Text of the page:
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Book Reviews

Navigating Integrity: Transforming Business as Usual into Business at its Best – Book Review

by Al Watts. (2010). Minneapolis, MN: BRIO Press. 170 pages.

Reviewed by Diane Byington, Ph.D.

Reading this small book is like snuggling up with a friend next to a fire on a winter evening, sipping a glass of your favorite wine, and listening to him tell you the accumulated wisdom of his life. Al Watts is a veteran consultant who focuses on organizational integrity and also provides dynamite team-building lessons on board his sailboat. He combines these two passions in his new book.

Good Boss, Bad Boss – Book Review

by Robert I. Sutton. 2010. New York: Business Plus. 252 pages.

Reviewed by Diane Byington, Ph.D.

If you’re a boss, you’ll probably want to have this book on your bookshelf, along with its predecessor, the best-seller The No Asshole Rule. After achieving success with the first book, Sutton decided to research and write about what distinguishes good bosses from bad bosses. He does an excellent job combining research, personal experience, and common knowledge into a readable and helpful set of suggestions for how to be a good boss.

Accordingly, the book is filled with lists telling you, in specific terms, how to succeed as a boss. Casually flipping through the pages, I see lists that include: The 11 Commandments for Wise Bosses, How to Lead a Good Fight, Tricks for Taking Charge, and A Recipe for an Effective Apology. I especially liked that one.

Mojo: How to Get It, How to Keep It, How to Get It Back If You Lose It – Book Review

by Marshall Goldsmith. New York: Hyperion. 184 pages.
Reviewed by Diane Byington, Ph.D.

Are you burned out at work? Or, have you lost some enthusiasm and wish you could get it back? If so, check out this book. Marshall Goldsmith brings his long experience as an executive coach to the concept he describes as Mojo: that positive spirit toward what we are doing now that starts from the inside and radiates to the outside. In other words, we’ve got to feel enthusiastic toward what we are doing before we can send enthusiasm out for others to see. This book details how to increase your Mojo.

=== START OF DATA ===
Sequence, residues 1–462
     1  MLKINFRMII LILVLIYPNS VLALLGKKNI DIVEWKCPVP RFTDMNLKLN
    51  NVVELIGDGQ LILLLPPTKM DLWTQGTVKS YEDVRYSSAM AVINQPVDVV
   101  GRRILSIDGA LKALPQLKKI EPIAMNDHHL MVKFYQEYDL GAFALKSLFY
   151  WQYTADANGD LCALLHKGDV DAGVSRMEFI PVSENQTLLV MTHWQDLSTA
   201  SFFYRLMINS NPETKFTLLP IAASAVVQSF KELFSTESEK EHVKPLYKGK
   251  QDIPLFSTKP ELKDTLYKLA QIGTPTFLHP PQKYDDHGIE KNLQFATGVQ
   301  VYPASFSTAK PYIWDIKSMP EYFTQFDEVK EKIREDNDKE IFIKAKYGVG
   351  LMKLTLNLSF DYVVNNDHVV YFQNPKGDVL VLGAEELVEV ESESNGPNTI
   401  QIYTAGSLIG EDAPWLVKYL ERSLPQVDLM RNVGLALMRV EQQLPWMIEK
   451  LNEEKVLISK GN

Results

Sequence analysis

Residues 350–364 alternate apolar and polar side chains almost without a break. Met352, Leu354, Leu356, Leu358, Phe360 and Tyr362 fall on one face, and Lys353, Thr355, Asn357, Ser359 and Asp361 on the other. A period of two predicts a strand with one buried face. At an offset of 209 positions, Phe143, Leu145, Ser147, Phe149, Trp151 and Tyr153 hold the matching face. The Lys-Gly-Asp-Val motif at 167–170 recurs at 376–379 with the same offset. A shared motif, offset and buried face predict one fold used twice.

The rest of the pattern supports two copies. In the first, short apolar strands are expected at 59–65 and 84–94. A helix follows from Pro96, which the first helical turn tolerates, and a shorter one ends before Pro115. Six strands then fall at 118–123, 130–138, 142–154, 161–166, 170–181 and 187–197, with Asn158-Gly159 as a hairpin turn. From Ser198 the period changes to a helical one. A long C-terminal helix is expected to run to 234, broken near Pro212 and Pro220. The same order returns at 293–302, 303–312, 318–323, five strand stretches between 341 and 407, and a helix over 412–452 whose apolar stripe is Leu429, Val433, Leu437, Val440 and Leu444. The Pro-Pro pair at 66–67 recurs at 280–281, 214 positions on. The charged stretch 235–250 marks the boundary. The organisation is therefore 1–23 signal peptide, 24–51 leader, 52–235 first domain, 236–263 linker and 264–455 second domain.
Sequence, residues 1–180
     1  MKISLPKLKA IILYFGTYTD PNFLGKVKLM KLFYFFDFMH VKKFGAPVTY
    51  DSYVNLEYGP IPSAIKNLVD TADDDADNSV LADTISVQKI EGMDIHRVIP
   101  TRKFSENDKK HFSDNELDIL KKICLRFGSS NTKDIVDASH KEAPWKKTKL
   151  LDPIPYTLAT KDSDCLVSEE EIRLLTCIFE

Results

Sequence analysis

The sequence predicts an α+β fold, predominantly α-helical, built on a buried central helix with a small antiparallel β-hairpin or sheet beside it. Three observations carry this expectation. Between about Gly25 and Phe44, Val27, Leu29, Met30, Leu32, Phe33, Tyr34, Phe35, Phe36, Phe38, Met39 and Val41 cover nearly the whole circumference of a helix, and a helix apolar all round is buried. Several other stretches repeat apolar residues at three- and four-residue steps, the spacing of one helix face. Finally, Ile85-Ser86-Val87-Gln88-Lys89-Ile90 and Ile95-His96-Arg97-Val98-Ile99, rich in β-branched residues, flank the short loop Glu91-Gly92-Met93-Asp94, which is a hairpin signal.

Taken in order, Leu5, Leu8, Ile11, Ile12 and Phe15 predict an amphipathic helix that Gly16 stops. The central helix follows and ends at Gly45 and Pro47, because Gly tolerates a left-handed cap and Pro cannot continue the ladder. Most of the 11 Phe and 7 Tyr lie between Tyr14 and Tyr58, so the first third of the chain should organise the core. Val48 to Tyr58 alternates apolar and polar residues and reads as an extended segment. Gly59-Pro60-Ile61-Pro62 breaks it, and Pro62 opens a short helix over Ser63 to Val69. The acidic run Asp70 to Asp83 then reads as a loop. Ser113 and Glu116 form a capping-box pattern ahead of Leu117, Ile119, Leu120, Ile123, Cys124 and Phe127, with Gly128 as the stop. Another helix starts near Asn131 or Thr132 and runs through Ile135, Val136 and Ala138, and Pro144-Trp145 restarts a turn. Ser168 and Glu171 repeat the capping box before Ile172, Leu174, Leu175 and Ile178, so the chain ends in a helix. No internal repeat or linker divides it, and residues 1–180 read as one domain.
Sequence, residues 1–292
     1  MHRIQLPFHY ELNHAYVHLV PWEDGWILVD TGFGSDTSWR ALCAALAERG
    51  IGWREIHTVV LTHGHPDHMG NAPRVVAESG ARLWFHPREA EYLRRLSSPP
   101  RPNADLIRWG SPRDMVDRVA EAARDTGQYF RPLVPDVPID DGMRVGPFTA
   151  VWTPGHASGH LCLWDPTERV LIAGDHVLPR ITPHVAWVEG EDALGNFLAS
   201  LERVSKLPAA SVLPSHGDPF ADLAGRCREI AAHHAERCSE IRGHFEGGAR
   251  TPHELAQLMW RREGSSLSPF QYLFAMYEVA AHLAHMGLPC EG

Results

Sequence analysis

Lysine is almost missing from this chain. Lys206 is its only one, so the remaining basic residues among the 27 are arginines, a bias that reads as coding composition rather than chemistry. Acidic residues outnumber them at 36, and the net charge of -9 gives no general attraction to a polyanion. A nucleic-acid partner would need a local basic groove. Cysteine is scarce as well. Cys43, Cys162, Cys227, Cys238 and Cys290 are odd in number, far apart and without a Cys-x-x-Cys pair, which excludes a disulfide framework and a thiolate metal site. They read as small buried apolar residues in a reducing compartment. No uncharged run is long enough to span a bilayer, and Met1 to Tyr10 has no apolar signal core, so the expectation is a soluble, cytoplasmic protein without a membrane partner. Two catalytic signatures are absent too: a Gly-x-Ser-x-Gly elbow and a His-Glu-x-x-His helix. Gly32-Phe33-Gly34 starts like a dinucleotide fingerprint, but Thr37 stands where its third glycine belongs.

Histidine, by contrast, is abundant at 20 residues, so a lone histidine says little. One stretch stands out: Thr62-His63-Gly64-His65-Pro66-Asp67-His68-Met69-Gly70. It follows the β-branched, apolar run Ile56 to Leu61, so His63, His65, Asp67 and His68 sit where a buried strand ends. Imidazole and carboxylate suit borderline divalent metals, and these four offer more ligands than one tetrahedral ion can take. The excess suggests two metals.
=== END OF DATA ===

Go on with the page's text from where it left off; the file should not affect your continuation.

The most useful part of the book, for me, was his scorecard for measuring your Mojo. Goldsmith says we need to bring five qualities to an activity in order to do it well. These are: motivation, knowledge, ability, confidence, and authenticity. Likewise, five benefits we may receive from an activity include: happiness, reward, meaning, learning, and gratitude.

Making Ideas Happen – Book Review

By Scott Belsky, Making Ideas Happen. (2010). New York: Penguin. 231 pages.

Reviewed by Diane Byington, Ph.D.

This book might be for you if:

You have lots of ideas but have trouble getting them to actually happen
You tend to be disorganized and need help organizing your projects
You are excited and full of energy at the beginning of a project but get bored and distracted as time goes by, or you love starting projects but rarely complete them
Your job is to manage creative professionals
Scott Belsky, CEO and Founder of the online creative network, Behance, has spent his professional life working with creative people and helping them to make their ideas “happen.” His thesis is that great ideas abound, but getting them to completion is extraordinarily difficult and requires a different skill set than what is used to generate the idea. This book presents his ideas for what it takes to actualize an idea.

Drive: The Surprising Truth About What Motivates Us – Book Review

Daniel Pink, following up on his bestseller A Whole New Mind, picks up on another social trend that is growing in importance – a new way of motivating people. Here is his “cocktail party summary” of the book:

“When it comes to motivation, there’s a gap between what science knows and what business does. Our current business operating system – which is built around external, carrot-and-stick motivators – doesn’t work and often does harm. We need an upgrade. And the science shows the way. This new approach has three essential elements: (1) Autonomy – the desire to direct our own lives; (2) Mastery – the urge to get better and better at something that matters; and (3) Purpose – the yearning to do what we do in the service of something larger than ourselves.”

Multipliers: How the Best Leaders Make Everyone Smarter – Book Review

Everyone I’ve spoken with about this book relates an experience working for the two types of leaders discussed in these pages. Around some leaders (the Multipliers) they feel confident about their abilities and are willing to work their hardest, whereas around other leaders (the Diminishers) they feel inept and are unwilling to contribute more than the minimum required to keep the job. Unfortunately, I heard many more stories about the problems of working for a Diminisher than the joys of working for a Multiplier. The focus of this book is understanding the difference between these two leadership styles and learning how to move from being a Diminisher to a Multiplier.

A Multiplier is defined as a leader who is able to understand and solve hard problems rapidly, achieve goals, and adapt and increase the team’s capacity over time. A Diminisher is a leader whose team operates in silos, finds it hard to get things done, and despite having smart people, seems to not be able to do what is needed to reach goals.